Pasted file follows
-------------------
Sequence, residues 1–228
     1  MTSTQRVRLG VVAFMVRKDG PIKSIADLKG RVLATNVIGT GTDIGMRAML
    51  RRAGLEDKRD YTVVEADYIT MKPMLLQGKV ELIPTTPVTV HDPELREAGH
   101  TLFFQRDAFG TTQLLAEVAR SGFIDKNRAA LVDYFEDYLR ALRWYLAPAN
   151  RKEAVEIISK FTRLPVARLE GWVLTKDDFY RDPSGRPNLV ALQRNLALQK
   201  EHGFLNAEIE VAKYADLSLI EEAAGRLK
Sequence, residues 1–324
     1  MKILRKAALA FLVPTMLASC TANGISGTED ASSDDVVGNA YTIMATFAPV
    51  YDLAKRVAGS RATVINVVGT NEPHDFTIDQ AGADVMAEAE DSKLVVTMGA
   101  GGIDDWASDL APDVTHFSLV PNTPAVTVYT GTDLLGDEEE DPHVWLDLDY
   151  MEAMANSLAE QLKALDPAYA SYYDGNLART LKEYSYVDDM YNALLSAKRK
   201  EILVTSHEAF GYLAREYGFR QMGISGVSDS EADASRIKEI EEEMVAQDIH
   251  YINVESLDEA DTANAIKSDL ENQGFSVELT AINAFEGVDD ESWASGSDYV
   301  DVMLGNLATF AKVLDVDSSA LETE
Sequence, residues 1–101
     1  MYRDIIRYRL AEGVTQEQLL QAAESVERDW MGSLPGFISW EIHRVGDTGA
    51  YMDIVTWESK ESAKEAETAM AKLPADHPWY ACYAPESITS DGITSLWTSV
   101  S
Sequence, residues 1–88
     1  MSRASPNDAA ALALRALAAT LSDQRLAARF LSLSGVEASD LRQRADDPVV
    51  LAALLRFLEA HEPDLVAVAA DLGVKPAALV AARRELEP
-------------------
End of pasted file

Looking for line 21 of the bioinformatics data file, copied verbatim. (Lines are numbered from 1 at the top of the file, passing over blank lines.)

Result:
    51  LAALLRFLEA HEPDLVAVAA DLGVKPAALV AARRELEP